Seamstresses step up as governor urges universal masking

Blue Ridge School District staffers don face masks while making school lunch deliveries to students.
Blue Ridge School District staffers don face masks while making school lunch deliveries to students.

Before Gov. Tom Wolf urged Pennsylvania residents on Friday to wear face masks when they have to leave their homes, some local residents with sewing skills began making the personal protective wear weeks ago.

After a friend suggested it, Teri Edwards, of Lenoxville, began sewing face masks about three weeks ago and has completed about 300 to date.

“I started with a pattern suggested on the internet but simplified it a bit. I have had many donations of fabric and elastic from the community to help with my cause.  They have been mailed to friends and family all over the country and a Philadelphia hospital,” Edwards said.

She has also taken orders for masks through Facebook. After having taught math at Mountain View High School for 31 years, she is connected to many people in the community.

“Once orders are completed, I put the on a rack outside for pick up in Lenoxville.  I believe that it is the right thing to do when you have the ability and materials,” she said.

Cheryl Dishong also started making masks about a month ago for family and friends, as well as donating some in the community. So far, she has made over 100 and said she has a long list of those requesting a face mask.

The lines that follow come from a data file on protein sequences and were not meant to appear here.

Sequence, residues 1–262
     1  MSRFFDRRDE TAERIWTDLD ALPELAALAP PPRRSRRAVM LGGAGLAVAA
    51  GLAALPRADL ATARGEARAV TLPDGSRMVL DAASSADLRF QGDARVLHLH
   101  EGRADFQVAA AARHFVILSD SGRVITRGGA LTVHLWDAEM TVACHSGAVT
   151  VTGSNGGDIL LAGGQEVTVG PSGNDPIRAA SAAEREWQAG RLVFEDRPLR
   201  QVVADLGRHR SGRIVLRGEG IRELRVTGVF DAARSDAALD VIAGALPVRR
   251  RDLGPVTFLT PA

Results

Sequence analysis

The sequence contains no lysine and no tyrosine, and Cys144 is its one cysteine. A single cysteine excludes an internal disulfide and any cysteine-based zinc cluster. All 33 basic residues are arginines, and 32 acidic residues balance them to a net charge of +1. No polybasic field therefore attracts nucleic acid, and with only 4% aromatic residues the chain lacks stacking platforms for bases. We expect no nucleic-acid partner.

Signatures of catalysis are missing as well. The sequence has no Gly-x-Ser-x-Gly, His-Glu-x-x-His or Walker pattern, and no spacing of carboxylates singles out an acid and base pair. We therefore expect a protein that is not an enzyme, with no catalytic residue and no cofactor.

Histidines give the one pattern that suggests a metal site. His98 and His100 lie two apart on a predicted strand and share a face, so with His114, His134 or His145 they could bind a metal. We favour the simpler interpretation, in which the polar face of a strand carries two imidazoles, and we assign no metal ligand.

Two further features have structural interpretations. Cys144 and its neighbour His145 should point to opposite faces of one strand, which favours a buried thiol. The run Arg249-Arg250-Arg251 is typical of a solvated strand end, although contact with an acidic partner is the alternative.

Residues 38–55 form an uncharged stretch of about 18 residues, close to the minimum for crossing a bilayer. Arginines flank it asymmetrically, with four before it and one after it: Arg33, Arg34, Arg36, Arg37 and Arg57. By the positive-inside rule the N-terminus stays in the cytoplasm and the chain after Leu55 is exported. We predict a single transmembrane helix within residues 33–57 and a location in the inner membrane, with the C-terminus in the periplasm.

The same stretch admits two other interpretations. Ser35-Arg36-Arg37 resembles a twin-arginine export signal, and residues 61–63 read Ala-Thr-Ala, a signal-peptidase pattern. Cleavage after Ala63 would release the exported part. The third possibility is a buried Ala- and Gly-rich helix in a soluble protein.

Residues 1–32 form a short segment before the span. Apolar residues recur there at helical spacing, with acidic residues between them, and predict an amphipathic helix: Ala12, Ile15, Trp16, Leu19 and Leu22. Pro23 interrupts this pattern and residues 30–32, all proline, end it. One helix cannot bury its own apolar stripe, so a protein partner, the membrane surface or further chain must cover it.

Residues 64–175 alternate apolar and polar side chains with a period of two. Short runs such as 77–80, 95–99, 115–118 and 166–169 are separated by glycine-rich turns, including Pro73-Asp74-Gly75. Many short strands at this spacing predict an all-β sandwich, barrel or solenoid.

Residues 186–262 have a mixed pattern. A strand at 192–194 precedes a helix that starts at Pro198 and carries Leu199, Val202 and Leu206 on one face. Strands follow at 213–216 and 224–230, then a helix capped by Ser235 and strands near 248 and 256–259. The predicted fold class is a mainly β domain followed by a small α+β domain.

April Mroz is part of a group in the Hallstead area that has been sewing masks since March 19. At last count, the group had sewn over 500 and has donated them to health care facilities in the region.

On Friday, Gov.  Tom Wolf said. “Masks help prevent people from sharing illnesses. But, they don’t do a great job at keeping people from getting sick; and, they’re not foolproof, so it is critical that our first act is to ask ourselves if we really need to leave our house. If we don’t really, truly need to leave, then we shouldn’t.”

“Staying home is the most effective way to protect yourself and others against COVID-19,” Sec. of Health Dr. Rachel Levine said. “But, if you must go out because you are out of food or medication, then wearing a mask, or even a bandana across your nose and mouth, could be an extra layer of protection.”

As of Monday, April 6, there were six positive cases of COVID-19 in Susquehanna County; and nearly 13,000 cases reported across the state.

“Now more than ever, as we continue to see COVID-19 cases and deaths rise in Pennsylvania, we need Pennsylvanians to take action,” Dr. Levine said. “Those actions should be to stay calm, stay home and stay safe. If you must go out, please limit it to as few trips as possible and wear a mask to protect not only yourself, but other people as well. We need all Pennsylvanians to heed these efforts to protect our vulnerable Pennsylvanians, and also our healthcare workers and frontline responders.”

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